bacteriochlorophyll abbr., BChl (rus. бактериохлорофилл) — a pigment involved in the process of photosynthesis in green and purple bacteria.


Bacteriochlorophyll is the main structural unit of photosynthetic components of bacteria, in which photosynthesis is conducted without production of oxygen. They include purple and green sulphur bacteria. Various bacteria contain different types of bacteriochlorophylls (a, b, c, d, e, g). They form the basis of light-harvesting antennae and make part of the photosynthetic reaction centre.

Bacteriochlorophyll in bacteria performs the same functions as chlorophyll in plants. In general, bacteriochlorophylls absorb light of a longer wavelength than chlorophylls. The position of the absorption maximum is observed in the red or infra-red region and depends on the type of bacteriochlorophyll and its protein environment. Bacteriochlorophylls are denoted by the numbers, with the letter B denoting the position of the long-wavelength absorption peak. Thus, B850 refers to bacteriochlorophyll, whose maximum absorption coefficient is reached at 850 nm. Bacteria, in contrast to plants, are capable of photosynthesis not only in the visible spectrum, but also outside of it, in the infra-red region (800-1035 nm). This unique feature of such bacteria among all known phototrophic organisms explains the possibility of their functioning in the dark and in places that are unsuitable for other photosynthetic systems (deep in the soil or in the sea, or in the internal organs of living organisms). These properties offer attractive prospects for use of bacteriochlorophylls, especially as elements of nanostructures in photodynamic therapy and nanomedicine.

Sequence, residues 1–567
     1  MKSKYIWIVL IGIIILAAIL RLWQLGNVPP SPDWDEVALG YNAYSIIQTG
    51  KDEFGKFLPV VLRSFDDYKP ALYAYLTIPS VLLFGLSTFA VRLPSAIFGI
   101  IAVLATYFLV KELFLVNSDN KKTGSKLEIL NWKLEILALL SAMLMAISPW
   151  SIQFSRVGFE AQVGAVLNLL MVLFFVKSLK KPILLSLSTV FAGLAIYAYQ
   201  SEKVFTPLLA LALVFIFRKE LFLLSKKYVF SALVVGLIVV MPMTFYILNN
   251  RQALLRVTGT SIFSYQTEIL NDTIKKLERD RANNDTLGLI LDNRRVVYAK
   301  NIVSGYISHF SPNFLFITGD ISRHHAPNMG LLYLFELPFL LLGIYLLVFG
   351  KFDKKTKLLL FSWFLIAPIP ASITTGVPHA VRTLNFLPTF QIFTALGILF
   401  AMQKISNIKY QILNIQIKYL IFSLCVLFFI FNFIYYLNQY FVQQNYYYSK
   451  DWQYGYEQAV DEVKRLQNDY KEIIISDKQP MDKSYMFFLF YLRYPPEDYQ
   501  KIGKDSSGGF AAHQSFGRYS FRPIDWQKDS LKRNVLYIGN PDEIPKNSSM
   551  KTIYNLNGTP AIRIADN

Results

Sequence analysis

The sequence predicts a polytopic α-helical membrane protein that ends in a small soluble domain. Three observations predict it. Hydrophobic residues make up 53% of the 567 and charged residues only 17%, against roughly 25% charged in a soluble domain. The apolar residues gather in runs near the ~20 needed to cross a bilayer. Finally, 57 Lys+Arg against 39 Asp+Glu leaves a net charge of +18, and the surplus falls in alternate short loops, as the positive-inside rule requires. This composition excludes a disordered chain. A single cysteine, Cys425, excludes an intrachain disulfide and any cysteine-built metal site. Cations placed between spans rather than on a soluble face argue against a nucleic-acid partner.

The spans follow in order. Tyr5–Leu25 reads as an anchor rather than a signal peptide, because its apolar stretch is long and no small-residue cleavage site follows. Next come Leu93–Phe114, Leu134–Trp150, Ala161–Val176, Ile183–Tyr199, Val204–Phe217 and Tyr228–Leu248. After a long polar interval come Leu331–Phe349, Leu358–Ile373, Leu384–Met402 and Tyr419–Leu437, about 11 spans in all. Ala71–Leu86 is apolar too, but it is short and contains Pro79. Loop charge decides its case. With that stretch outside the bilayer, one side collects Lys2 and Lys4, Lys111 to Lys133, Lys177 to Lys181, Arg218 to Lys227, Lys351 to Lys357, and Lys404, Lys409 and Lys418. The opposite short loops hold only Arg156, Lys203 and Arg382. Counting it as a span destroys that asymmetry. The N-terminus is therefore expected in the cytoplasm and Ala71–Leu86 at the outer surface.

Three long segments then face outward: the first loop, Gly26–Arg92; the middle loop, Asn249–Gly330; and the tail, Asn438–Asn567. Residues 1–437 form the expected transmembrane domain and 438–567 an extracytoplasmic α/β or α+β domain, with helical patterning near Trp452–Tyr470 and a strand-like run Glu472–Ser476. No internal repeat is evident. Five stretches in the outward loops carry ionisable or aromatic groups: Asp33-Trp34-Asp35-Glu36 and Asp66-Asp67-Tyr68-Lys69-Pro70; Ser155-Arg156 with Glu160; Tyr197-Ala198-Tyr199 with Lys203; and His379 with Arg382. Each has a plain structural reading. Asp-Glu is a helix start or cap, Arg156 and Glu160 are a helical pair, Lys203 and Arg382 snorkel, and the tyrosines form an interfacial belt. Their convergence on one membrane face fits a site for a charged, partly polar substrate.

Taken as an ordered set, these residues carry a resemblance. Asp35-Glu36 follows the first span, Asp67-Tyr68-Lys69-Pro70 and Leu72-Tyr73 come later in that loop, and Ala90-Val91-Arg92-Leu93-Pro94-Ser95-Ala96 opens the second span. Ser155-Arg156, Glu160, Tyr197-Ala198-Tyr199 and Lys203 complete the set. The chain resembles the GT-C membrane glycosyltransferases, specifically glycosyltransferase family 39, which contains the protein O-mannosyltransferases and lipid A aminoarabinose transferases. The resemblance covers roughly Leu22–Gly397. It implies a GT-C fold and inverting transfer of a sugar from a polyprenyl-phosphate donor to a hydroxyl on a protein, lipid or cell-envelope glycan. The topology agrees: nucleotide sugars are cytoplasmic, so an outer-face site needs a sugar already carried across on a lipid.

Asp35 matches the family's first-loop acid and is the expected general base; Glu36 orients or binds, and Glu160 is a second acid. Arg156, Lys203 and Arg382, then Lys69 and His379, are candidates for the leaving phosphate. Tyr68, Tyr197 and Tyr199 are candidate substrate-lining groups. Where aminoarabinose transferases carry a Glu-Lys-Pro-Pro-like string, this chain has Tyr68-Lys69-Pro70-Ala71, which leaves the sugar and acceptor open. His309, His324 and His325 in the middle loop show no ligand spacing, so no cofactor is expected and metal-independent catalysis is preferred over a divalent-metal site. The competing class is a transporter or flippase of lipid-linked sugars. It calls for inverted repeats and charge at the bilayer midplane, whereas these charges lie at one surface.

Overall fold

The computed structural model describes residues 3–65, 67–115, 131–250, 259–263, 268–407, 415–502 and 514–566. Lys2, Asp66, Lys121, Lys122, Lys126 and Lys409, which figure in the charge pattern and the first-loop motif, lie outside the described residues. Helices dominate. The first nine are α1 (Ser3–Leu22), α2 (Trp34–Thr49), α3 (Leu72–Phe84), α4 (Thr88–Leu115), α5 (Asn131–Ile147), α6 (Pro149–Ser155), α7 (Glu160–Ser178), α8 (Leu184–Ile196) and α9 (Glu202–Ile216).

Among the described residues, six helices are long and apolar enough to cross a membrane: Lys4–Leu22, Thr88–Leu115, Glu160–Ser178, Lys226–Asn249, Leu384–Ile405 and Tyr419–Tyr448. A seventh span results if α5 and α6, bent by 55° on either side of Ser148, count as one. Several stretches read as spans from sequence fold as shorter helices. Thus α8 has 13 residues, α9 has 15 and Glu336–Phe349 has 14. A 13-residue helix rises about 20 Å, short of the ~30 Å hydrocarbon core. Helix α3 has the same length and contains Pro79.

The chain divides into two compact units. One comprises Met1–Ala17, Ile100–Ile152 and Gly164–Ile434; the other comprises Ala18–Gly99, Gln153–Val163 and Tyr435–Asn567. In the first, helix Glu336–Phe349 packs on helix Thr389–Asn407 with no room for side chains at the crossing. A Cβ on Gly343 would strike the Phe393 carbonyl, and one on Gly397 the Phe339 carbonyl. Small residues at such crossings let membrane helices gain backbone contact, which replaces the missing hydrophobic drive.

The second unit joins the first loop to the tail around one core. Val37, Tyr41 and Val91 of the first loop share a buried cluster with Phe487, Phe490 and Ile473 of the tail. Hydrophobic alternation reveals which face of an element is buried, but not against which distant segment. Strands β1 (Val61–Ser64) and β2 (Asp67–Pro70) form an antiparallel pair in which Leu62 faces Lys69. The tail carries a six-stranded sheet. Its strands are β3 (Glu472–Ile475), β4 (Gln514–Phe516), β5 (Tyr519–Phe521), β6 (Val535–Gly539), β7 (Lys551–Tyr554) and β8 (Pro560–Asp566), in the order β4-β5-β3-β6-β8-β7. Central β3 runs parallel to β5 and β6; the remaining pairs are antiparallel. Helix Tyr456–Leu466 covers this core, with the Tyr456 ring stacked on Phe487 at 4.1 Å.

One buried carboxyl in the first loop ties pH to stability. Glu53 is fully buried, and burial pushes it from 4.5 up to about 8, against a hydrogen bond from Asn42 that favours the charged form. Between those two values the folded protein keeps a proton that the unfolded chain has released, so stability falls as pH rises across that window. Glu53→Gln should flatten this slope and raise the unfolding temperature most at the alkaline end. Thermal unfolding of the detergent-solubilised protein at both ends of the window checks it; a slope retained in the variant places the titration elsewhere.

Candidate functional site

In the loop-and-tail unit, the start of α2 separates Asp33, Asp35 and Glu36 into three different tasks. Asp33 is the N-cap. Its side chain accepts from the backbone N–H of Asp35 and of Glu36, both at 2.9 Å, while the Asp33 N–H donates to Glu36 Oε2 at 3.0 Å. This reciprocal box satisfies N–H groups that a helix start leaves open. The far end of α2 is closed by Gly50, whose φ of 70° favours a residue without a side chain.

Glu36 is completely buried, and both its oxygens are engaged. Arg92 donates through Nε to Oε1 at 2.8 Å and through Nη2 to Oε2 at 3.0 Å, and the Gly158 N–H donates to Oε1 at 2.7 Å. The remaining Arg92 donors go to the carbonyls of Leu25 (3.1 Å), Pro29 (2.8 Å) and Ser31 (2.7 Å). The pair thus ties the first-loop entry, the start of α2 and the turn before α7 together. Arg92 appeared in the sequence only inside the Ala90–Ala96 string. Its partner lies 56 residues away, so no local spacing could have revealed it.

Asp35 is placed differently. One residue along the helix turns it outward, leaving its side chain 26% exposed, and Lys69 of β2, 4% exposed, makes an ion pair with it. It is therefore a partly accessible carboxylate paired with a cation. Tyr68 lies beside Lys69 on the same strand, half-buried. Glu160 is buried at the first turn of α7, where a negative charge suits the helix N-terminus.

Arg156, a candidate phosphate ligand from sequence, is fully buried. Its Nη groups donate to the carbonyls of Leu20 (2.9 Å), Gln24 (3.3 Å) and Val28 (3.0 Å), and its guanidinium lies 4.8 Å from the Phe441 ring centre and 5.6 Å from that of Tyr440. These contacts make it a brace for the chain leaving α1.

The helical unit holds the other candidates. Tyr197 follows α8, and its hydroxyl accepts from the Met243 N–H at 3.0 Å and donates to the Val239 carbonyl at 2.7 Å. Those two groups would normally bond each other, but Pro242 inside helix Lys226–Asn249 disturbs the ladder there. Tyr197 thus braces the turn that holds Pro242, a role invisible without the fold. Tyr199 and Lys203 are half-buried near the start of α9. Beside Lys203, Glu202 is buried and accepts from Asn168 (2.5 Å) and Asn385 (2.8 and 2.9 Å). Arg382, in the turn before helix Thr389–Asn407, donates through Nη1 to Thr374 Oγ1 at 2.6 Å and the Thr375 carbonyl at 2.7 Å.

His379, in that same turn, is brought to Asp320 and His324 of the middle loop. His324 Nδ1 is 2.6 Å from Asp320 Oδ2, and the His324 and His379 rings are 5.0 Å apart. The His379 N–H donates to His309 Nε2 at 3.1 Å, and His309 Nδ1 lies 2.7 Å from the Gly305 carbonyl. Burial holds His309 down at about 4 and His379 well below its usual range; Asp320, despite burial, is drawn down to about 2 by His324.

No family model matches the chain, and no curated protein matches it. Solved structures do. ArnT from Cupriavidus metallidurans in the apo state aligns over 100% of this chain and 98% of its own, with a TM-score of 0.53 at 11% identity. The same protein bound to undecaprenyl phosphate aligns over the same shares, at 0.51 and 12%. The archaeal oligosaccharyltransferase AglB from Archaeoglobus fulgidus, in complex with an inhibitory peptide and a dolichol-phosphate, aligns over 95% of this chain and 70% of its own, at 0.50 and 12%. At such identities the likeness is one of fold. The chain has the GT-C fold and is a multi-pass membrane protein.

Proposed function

• Eremin Vadim V.


  1. A. Lehninger. Biochemistry (in Russian)/ ed. by A.A. Bajev Moscow.: Mir, 1976. — 957 p.

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